In his State of the Union Address on January 6, 1941, President Franklin D. Roosevelt looked forward to a world in which everyone enjoyed four essential freedoms: freedom of speech and expression, freedom of worship, freedom from want, and freedom from fear. These values were central to both Franklin and Eleanor Roosevelt, who made it her personal mission to codify those rights in the United Nations’ Universal Declaration of Human Rights. Experts discuss the speech and its far-reaching influence, and also delve into this extraordinary couple’s influence on one another.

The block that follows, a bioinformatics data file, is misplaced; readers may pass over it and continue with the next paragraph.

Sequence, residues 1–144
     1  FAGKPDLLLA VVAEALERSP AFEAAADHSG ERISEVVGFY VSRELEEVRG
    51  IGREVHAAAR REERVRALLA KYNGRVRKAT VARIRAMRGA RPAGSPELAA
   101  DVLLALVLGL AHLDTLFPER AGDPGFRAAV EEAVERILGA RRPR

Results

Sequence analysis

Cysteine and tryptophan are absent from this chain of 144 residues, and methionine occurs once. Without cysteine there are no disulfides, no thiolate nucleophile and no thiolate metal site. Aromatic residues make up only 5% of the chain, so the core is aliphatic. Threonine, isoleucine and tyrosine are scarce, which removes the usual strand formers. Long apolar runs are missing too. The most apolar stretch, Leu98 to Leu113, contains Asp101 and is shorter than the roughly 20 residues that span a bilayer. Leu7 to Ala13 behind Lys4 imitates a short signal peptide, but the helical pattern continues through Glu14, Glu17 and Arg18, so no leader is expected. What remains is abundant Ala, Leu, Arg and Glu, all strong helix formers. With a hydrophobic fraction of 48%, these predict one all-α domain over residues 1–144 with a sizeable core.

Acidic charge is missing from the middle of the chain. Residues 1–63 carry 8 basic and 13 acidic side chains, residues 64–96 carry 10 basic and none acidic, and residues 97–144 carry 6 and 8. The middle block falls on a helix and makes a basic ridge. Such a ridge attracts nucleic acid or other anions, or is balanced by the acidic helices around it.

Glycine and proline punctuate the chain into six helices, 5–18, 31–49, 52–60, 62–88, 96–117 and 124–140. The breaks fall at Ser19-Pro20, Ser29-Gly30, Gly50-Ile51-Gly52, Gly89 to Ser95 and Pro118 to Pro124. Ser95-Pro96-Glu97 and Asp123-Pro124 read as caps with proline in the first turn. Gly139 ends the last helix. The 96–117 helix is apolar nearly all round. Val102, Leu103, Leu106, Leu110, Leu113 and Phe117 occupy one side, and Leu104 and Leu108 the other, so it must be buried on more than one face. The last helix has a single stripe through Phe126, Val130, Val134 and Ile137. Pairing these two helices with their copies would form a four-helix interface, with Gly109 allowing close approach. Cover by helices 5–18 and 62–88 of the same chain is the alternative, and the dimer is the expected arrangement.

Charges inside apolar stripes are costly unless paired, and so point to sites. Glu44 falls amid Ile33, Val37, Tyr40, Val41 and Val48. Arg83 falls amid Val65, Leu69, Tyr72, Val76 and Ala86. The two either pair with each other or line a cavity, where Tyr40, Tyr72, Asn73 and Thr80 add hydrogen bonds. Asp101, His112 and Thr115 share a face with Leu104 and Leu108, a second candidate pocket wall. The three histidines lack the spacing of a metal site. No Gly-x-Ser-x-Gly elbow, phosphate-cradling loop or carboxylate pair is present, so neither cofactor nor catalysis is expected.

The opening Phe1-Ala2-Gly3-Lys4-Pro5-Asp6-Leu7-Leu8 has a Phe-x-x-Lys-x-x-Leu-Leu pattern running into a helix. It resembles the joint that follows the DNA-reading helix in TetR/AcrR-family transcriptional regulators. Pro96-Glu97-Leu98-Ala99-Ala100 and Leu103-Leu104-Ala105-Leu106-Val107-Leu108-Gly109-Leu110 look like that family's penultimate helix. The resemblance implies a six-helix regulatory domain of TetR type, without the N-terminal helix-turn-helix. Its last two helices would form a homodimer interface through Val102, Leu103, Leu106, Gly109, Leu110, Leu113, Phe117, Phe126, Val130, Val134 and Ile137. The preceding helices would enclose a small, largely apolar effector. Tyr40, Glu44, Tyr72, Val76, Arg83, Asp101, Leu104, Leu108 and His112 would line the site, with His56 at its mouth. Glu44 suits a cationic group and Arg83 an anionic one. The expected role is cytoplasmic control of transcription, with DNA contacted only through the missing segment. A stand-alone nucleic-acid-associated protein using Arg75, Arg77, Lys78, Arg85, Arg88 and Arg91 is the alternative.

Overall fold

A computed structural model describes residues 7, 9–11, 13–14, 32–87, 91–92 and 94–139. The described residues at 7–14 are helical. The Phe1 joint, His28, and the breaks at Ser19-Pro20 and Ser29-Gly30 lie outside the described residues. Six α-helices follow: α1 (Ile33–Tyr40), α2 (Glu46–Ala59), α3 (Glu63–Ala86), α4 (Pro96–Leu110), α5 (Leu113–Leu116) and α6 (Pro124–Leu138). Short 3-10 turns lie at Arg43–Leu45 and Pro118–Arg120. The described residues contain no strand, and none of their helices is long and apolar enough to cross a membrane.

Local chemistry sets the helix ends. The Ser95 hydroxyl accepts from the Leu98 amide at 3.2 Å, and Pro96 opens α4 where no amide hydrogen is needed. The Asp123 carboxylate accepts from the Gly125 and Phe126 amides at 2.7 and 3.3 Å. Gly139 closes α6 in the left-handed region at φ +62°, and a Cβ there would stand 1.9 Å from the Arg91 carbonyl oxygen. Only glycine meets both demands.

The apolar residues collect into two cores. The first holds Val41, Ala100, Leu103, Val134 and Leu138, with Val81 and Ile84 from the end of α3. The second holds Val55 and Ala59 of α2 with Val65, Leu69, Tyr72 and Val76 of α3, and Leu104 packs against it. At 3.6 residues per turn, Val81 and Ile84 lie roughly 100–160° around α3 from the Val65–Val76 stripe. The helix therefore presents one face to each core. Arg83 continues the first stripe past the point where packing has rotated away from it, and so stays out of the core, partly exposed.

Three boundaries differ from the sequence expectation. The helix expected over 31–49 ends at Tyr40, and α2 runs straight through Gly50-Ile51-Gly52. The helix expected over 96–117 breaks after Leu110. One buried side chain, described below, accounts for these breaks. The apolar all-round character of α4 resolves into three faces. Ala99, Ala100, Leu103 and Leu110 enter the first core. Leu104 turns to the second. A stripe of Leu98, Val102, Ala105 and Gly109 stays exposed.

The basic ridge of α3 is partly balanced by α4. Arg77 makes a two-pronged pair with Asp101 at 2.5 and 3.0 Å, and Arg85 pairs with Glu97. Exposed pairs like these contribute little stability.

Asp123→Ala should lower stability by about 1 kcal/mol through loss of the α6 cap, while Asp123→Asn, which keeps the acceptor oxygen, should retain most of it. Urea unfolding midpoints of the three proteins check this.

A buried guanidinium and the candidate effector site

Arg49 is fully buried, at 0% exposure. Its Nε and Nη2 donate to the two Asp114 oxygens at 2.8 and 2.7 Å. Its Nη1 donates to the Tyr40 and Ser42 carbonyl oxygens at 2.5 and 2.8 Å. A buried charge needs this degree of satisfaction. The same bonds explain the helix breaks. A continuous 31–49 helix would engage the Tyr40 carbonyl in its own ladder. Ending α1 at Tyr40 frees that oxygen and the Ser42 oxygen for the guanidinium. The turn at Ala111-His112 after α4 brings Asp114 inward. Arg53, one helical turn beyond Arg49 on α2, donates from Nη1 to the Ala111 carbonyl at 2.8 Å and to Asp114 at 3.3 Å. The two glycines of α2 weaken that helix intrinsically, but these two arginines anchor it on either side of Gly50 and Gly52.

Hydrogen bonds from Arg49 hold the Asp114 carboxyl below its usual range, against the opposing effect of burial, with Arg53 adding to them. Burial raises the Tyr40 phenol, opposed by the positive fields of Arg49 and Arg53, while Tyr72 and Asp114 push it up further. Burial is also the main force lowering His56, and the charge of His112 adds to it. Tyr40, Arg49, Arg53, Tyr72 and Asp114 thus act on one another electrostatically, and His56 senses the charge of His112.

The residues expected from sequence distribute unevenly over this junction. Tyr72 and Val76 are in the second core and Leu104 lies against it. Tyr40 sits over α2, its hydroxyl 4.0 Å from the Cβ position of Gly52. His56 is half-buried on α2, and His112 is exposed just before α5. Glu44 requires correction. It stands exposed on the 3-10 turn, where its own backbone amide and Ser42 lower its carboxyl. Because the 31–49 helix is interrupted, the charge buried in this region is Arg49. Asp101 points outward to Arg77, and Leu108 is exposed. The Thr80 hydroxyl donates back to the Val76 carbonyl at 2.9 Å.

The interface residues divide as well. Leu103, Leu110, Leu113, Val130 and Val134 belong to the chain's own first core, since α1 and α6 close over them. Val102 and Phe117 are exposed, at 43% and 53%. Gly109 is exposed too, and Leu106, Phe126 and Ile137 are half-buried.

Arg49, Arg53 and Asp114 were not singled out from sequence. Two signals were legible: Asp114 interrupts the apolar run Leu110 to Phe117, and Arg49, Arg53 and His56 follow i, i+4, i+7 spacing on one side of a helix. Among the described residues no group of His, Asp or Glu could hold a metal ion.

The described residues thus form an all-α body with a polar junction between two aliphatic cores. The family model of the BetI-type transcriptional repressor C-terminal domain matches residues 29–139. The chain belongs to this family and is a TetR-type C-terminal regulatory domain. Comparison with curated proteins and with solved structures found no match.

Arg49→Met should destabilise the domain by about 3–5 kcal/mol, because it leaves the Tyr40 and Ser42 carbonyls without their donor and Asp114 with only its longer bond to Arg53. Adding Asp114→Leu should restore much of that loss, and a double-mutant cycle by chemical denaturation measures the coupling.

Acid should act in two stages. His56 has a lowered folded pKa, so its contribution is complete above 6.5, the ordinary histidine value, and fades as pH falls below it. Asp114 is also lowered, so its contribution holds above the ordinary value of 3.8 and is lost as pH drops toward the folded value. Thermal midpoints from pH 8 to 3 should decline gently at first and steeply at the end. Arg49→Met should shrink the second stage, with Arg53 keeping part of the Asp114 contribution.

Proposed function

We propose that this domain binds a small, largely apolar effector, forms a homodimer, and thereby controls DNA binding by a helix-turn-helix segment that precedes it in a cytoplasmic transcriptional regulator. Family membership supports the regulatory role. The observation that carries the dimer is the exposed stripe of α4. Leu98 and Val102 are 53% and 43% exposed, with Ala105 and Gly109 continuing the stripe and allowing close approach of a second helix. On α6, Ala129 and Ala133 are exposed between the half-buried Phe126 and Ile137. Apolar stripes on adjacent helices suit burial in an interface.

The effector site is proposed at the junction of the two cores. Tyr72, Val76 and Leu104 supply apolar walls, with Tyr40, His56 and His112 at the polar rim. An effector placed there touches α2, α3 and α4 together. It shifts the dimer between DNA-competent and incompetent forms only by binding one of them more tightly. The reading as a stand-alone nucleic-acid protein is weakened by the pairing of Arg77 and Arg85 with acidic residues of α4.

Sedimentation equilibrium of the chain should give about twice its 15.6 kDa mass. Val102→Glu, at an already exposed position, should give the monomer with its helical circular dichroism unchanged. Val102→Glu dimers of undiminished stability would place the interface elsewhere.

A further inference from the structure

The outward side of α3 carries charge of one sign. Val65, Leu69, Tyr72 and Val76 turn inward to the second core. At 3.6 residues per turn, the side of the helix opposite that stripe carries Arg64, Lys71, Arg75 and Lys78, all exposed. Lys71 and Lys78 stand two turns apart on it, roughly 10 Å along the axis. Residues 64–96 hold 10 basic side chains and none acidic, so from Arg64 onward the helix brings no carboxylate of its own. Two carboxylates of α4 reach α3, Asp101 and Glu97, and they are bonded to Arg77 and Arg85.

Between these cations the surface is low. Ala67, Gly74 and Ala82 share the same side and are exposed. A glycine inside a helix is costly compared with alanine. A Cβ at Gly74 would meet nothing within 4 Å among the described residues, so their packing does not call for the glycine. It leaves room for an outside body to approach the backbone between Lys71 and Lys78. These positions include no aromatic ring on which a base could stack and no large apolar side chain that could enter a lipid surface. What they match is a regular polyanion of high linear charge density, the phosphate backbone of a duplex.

William E. Leuchtenburg is a professor emeritus at the University of North Carolina at Chapel Hill, a former Bancroft Prize winner, and the author of six books on FDR.
William J. vanden Heuvel is Chairman of the Franklin D. Roosevelt Four Freedoms Park, LLC, as well as Founder and Chair Emeritus of the Franklin and Eleanor Roosevelt Institute.
Douglas Brinkley is a professor of history at Rice University and a fellow in history at the James A. Baker III Institute for Public Policy. He is a member of the board of the Franklin and Eleanor Roosevelt Institute.
This program is presented in conjunction with the opening of the FDR Four Freedoms Park.